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The Ubyssey Jan 29, 1929

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 ^•g
Issued Twice Weekly by the Students' Publications Board of The University of British Columbia.
.iL-ft-'gd/..
VOL. XI.
VANCOUVER, B. C, JANUARY 29, 1929
No. 24
USB
Varsity Pucksters
Lose Hard Fought
Game jo Ex-Kings
A fighting squad of Varsity Hockey
{layers lost a hard-fought game to
flx-KIng Oeorge by the score ot 3-2,
last Friday night. With the score .10
Against them and four minutes of the
|ame left, the Blue and Oold suddenly
Showed their true form and scored
J WO goals In quick succession. Ex-
tings scored two goals ln the first
period, one of them very lucky, the
Seoond period was scoreless and In
the third the West-Bnders slipped
one more past Willis before Varsity
oould soore.
The Varsity team did not play up
to expectations. Willis was not as
Irood ii usual at times being quite
unsteady. Callan, on the whole, play*
«d a tdod game at defence, but his
rrtner Rhodes, although he scored
goal, was far from his best. Cars-
trail, at center, was as usual the main*
Stay Of the team, playing the entire
lame without a rest. He scored Var-
ity'a other goal and, had not hard
Ittok pursued him, would have scored
two or three more. Mathews and
flmlth, supporting Carswell on the
Kings, wotted hard, while of the substitutes Thome was the most effective. Pike flayed a useful game and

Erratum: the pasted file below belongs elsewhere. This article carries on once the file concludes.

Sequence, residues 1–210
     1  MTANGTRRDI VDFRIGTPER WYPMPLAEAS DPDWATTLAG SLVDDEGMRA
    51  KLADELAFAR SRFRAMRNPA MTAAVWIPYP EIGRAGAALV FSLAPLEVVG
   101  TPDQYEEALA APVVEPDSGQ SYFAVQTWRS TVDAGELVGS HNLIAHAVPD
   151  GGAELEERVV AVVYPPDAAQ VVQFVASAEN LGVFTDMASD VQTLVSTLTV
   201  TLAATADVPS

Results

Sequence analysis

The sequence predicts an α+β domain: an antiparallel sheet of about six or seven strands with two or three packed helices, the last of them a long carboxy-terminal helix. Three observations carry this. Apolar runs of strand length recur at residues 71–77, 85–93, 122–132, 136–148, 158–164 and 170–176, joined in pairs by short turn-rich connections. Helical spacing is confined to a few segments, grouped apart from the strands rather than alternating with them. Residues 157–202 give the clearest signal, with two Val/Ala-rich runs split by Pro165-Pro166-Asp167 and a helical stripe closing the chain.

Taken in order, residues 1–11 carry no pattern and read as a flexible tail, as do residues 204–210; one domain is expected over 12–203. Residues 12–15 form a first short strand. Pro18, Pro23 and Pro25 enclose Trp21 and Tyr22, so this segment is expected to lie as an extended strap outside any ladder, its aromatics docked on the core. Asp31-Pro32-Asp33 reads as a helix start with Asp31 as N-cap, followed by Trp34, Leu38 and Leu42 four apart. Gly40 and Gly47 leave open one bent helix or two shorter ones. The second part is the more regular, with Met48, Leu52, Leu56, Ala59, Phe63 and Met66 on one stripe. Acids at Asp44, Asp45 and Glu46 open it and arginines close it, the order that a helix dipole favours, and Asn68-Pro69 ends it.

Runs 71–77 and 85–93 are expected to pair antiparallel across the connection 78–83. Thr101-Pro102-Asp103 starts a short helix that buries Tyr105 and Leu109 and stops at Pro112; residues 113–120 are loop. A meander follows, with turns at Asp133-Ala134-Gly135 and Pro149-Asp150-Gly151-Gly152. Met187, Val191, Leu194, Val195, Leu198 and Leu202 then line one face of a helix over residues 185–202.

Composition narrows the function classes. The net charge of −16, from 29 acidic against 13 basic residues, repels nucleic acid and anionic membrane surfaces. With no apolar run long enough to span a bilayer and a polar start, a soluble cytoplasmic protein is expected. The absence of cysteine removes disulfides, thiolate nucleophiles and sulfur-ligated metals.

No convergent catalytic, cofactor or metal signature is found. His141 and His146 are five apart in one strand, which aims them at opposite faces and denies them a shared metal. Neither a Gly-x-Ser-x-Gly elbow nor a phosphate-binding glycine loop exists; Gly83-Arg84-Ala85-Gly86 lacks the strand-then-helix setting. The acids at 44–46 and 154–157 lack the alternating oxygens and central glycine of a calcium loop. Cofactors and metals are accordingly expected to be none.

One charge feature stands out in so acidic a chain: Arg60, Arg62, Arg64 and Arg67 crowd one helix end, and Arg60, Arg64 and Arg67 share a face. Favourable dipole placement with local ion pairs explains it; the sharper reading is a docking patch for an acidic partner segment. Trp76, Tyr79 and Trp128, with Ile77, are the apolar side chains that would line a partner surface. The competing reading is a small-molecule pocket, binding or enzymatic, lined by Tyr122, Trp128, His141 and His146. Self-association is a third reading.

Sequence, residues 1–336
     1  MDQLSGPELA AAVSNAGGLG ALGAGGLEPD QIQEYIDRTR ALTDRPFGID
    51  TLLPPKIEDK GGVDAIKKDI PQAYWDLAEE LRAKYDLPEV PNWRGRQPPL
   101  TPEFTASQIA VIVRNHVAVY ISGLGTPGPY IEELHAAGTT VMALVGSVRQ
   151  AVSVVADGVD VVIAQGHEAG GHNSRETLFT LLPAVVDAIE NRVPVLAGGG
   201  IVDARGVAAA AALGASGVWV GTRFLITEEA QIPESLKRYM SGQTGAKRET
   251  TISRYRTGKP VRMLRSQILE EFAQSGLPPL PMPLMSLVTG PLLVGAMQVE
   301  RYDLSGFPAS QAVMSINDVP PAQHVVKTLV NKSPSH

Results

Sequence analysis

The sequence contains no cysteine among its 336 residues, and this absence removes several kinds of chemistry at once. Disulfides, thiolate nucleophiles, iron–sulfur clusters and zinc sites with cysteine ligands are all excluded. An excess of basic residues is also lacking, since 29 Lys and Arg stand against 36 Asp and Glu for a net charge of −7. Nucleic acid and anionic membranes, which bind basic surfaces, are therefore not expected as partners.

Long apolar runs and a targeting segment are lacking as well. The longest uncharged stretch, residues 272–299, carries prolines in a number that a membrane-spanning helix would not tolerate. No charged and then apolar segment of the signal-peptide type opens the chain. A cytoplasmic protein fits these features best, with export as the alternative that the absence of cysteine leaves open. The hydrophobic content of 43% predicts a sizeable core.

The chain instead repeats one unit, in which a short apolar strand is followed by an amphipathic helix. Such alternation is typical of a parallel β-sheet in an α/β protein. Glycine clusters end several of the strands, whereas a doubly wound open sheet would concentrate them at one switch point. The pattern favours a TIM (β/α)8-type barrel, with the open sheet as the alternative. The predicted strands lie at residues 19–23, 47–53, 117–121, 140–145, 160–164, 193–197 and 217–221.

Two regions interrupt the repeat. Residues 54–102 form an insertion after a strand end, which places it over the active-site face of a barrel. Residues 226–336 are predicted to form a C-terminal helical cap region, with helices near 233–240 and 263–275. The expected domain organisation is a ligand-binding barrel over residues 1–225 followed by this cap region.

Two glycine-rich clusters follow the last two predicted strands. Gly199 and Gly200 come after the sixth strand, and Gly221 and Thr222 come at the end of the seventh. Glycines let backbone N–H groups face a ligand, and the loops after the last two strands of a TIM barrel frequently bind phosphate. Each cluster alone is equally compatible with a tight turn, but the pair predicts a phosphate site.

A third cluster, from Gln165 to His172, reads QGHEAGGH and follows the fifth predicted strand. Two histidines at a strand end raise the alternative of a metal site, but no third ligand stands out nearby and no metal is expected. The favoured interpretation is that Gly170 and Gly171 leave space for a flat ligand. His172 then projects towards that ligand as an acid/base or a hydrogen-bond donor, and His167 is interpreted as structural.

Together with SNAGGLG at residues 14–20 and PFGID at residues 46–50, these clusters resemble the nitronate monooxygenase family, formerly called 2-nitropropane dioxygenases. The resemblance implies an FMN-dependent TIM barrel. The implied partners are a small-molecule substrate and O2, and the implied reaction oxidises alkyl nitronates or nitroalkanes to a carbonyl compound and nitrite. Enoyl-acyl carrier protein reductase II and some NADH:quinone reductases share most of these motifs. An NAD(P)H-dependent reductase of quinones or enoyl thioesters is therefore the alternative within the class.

•ftoald have got a goal on more than
One occasion.
,' The over-cautiousness of the forwards wis a contributing factor to
the defeat. They insisted on playing
a three and even four man defence
"When two goals down and the result
was fatal.   Whon, too late, they real-
. jsed their mistake, quick results followed. If the forwards had played
their positions during the whole of
the game It Is safe to say that Varsity
Sould have won, for they were man!-
stly the better team.
From the spectator's point of view
the game was uninteresting, and the
laat four minutes provided the only
excitement of the whole hour. The
first goal scored by Ex-King George
Came as a surprise, and was a real
fldke. Their second goal was a well-
earned one, resulting from some pretty play of the forwards. When, however. Ex-King Oeorge scored their
third goal in the last period on what
looked like an off-side play, the Varsity forwards at last changed their
policy and charged up tho Ice. Cars-
well missed scoring by a fraction of
an Inch but a moment Inter broke
through again, this time making no
mistake about it. Then with three
minutes left, Varaity dirt their best
play of the evening, Rhodes swept
up tho Ice nnd found the net with a
hard shot. The hopes of Varsity supporters rose high but soon after the
face-off the whistle blew for time
Unique Decorations Feature
Gay Party of lunior Class
Incited by the "Arts '30 Library
Idea," members of the Junior year
staged one of the gayest class parties
of the year when they danced to the
muslo of Jack Emerson and his Varsity orchestra in Willow Hall, Friday
night.
The "Arts '30 Library Idea" was
evidenced by the large bl**e and gold
"books" which decorated the walls.
These annuals told ln no uncertain
letters of the varied achievements of
the Junior class, including "Our Hula
Innovation," and "The Athletic
achievements of Arts '30." Other
annuals told of "Dr. Boggn, our Honorary President," a missing thumbprint with a reward of many "muck
rages," and finally "Professor Iloodln
kus."
Owing to locked doors the party